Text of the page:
BRENTWOOD — Prosecutors will not be allowed tell jurors about a Hooksett man’s blood-alcohol tests, or certain statements he made to investigators prior to being charged with a fatal boating incident that killed one of his passengers.
Judge Marguerite Wageling threw out key pieces of evidence that the state planned to use in the upcoming trial of Eric Cable, 34, who faces two counts of negligent homicide for causing the death of Brendan Yerry, 28, of Hudson last July 14.
Cable is accused of being intoxicated while piloting the boat and letting Yerry straddle the boat’s bow before he fell into Northwood Lake and suffered fatal injuries.
Judge Marguerite Wageling said in three orders made public Tuesday that Cable could not have “freely, knowingly and voluntarily” given consent to have his blood taken for testing.
“At no time was the defendant informed he did not have to consent to the blood draw,” Wageling said in a court order.
She reached her decisions after considering testimony from the Marine patrol officers and Cable himself at a hearing last month where the defense challenged how the evidence was collected.
Results of a breath-test administered on Cable, which suggested he had a blood-alcohol level of .13 and .14, had to be thrown out largely because officers never took a second sample as required under the state’s due process rights, according to Wageling.
A second sample should be preserved in case a person wants to have a breath test independently tested, the judge noted.
Statements by Cable, which included him saying “I just killed my friend” after he had been placed in the back of a police cruiser, were also thrown out.
Wageling concluded that Marine Patrol Officer Officer Seth Alie did not purposely try to solicit incriminating statements when he asked Cable how he was doing, but should have known they were “likely to elicit an incriminating response.”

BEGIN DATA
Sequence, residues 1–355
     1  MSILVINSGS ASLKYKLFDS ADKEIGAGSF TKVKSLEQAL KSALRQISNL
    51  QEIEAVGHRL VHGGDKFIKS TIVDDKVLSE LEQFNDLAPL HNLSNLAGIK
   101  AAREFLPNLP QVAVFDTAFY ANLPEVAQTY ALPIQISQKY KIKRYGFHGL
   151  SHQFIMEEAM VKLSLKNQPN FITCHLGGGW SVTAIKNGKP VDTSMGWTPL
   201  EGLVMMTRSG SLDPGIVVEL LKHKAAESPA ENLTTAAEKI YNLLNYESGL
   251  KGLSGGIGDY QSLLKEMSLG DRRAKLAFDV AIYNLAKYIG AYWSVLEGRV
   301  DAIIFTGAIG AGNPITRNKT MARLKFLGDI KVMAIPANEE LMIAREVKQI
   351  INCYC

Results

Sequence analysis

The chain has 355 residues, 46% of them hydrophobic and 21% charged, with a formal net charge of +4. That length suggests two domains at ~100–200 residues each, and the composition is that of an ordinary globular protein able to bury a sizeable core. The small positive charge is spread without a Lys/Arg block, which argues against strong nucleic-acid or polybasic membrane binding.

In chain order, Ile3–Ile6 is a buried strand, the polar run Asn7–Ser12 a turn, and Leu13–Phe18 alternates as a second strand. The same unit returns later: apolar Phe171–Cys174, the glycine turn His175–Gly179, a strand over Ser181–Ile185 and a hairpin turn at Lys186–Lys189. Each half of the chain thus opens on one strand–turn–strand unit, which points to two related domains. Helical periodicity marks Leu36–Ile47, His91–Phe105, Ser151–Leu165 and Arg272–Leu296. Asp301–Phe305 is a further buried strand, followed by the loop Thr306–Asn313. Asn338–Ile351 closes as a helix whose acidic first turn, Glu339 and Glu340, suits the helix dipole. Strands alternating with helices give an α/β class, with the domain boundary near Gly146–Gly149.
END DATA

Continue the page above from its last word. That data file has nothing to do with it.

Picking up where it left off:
Wageling also disagreed that Marine Patrol officers were legally justified in drawing Cable’s blood two hours prior to getting a judge to sign off a search warrant authorizing them to do so.
Police can only collect such evidence under “exigent circumstances” where there is a threat to public safety or likelihood that evidence will be destroyed, Wageling said.
Cable was taken into custody at 9:38 p.m. July 14. The first-blood draw was taken at 11:45 p.m. but a search warrant to draw Cable’s blood was not signed until 1:18 a.m., according to court testimony.
“In part, the delay was caused by the fact that it was a nighttime arrest and it was difficult to find a judge, cell phone coverage was spotty and many of the officers were involved in the search and rescue (of Yerry),” Wageling said in the order.
Had the officers made efforts to write the search warrant sooner, “they may have been more successful” in having it signed by a judge prior the first blood-draw at 11:45 p.m.
Cable testified at a hearing last month that he felt he was forced to provide a blood sample at the prompting of investigators, and did not know he could refuse to provide one.
Wageling said she did not find any evidence to the contrary.
The judge said that by the time Cable gave consent for the blood draw, “he had been alone in police custody for at least two hours, driven from Northwood Lake to Concord Hospital where he was told he had no right to refuse to the police the requested blood draw.”
Cable is scheduled to go on trial in December.